Praxis of Critical Literacy
Pragmatic Utilization of Theoretical Tensions
Keywords:Critical Literacy, Paulo Freire, Michel Foucault, Karl Marx, Praxis, Pragmatism
The purpose of this paper is to re-examine the foundation of critical literacy. I claim that critical literacy should be conceived as praxis rather than a unified theory. This is because the foundation of critical literacy includes diverse philosophical positions with some disagreements between them. When critical literacy is treated as a unified theory, such internal contradictions implode the theory. Instead, by conceiving it as praxis, even those theoretical tensions can be rendered generative for insatiable reading of the wor(l)d. To demonstrate this, I juxtapose Marxist/Freirean approach and Foucauldian approach to critical literacy. The former approach solidifies the battle ground for critical projects by “naming” the wrongs of the world, while the latter dissipates such identification by inserting divergence and discontinuity into the narratives. I discuss the kinds of critical literacy questions these two approaches enable us to ask, and generate new questions that emerge from the theoretical tensions.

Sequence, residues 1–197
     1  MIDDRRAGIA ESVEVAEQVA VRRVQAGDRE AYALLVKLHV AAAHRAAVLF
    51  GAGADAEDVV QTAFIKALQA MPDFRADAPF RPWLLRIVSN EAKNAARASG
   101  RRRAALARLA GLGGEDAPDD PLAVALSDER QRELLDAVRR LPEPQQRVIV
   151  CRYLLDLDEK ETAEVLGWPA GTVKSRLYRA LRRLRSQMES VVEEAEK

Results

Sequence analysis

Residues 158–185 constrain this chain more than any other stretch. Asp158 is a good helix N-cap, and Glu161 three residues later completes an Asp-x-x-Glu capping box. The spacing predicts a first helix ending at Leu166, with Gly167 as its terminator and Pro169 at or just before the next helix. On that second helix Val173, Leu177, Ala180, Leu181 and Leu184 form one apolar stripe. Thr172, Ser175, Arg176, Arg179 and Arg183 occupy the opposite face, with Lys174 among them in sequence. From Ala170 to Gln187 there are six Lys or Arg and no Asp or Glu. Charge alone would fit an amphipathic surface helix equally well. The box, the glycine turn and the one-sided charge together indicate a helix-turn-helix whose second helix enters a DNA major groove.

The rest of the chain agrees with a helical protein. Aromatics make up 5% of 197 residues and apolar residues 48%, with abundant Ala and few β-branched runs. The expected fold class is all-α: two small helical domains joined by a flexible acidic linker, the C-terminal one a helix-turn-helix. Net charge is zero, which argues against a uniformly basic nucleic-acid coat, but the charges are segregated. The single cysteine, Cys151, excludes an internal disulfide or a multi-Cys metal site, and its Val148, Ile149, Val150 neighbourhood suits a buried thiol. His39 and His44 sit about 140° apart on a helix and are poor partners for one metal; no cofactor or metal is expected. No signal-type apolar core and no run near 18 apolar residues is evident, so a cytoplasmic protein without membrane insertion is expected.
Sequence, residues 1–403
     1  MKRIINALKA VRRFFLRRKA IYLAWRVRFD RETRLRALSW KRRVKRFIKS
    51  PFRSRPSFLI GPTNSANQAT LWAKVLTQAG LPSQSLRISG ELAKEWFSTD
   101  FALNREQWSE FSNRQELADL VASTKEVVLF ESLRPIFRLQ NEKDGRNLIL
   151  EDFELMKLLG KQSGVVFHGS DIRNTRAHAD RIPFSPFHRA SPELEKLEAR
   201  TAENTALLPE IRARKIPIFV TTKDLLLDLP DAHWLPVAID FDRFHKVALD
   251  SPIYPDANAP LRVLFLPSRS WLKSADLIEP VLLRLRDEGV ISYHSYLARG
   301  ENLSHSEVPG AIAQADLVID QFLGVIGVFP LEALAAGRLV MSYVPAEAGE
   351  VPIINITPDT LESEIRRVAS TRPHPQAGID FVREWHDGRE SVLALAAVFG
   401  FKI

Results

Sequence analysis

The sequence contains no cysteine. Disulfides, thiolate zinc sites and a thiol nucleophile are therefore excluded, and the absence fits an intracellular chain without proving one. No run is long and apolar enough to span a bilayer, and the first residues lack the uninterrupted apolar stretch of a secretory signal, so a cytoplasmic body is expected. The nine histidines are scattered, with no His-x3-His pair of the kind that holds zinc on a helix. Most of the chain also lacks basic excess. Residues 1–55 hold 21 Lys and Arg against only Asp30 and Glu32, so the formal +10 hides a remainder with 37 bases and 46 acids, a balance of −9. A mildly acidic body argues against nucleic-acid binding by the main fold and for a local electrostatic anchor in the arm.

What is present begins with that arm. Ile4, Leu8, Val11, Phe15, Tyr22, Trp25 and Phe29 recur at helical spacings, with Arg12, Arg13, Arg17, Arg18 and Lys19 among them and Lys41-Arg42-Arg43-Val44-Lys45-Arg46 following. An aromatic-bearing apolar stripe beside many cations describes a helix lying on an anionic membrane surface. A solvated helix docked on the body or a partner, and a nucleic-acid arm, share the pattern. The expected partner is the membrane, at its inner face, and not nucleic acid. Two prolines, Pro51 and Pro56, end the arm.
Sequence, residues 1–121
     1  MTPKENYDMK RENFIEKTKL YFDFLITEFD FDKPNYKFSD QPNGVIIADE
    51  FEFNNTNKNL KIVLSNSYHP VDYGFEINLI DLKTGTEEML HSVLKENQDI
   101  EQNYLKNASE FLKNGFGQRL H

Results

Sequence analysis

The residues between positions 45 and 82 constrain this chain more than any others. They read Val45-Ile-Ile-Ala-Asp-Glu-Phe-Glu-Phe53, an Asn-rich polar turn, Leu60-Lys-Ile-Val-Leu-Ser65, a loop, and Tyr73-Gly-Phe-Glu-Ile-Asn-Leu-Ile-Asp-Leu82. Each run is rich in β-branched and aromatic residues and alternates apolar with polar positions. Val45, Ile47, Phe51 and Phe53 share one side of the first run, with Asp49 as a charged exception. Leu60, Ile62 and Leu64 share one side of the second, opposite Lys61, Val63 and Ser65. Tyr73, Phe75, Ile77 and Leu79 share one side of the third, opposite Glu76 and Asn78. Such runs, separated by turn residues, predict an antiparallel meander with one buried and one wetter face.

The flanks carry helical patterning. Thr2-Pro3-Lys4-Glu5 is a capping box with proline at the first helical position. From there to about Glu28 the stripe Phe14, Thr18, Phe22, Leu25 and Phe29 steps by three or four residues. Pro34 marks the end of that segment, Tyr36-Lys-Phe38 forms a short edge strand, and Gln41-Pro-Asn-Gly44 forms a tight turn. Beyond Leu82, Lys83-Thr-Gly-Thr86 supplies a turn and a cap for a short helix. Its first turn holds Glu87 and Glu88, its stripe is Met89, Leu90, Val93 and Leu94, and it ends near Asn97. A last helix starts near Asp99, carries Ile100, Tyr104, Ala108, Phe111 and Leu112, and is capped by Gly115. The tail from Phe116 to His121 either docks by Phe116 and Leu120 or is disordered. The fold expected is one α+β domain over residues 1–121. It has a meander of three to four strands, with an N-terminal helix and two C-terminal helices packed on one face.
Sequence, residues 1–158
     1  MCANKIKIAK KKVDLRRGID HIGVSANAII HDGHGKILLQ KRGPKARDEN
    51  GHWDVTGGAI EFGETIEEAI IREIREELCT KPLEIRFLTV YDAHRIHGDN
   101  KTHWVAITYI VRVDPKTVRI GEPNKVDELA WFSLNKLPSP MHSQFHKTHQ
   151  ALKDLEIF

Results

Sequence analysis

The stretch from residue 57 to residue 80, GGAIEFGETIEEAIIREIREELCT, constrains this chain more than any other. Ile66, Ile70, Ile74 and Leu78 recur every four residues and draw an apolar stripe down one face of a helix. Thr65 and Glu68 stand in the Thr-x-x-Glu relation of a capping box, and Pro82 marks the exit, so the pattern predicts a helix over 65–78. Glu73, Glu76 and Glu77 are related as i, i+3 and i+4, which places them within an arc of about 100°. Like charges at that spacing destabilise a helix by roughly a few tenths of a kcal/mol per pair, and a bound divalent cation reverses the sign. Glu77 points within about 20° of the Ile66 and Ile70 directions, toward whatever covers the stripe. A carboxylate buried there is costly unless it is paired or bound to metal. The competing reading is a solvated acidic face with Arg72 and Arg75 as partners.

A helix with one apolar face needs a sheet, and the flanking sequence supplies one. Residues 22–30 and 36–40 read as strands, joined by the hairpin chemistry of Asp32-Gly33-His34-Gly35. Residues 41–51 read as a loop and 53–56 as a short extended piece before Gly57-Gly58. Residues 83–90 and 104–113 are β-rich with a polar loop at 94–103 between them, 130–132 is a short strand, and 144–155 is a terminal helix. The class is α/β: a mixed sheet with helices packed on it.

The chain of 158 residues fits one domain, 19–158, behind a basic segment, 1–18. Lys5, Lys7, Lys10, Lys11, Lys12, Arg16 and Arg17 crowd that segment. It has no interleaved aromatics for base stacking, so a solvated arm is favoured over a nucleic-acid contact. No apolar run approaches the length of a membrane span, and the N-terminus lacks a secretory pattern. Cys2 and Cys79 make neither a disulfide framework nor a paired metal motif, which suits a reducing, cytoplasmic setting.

Copyright (c) 2022 Yuya Takeda
This work is licensed under a Creative Commons Attribution 4.0 International License.
Authors who publish with Critical Education agree to the following terms:
- Authors retain copyright and grant the journal right of first publication with the work simultaneously licensed under a Creative Commons Attribution License that allows others to share the work with an acknowledgement of the work's authorship and initial publication in this journal.
- Authors are able to enter into separate, additional contractual arrangements for the non-exclusive distribution of the journal's published version of the work (e.g., post it to an institutional repository or publish it in a book), with an acknowledgement of its initial publication in this journal.
- Authors are permitted and encouraged to post their work online (e.g., in institutional repositories or on their website) prior to and during the submission process, as it can lead to productive exchanges, as well as earlier and greater citation of published work (See The Effect of Open Access).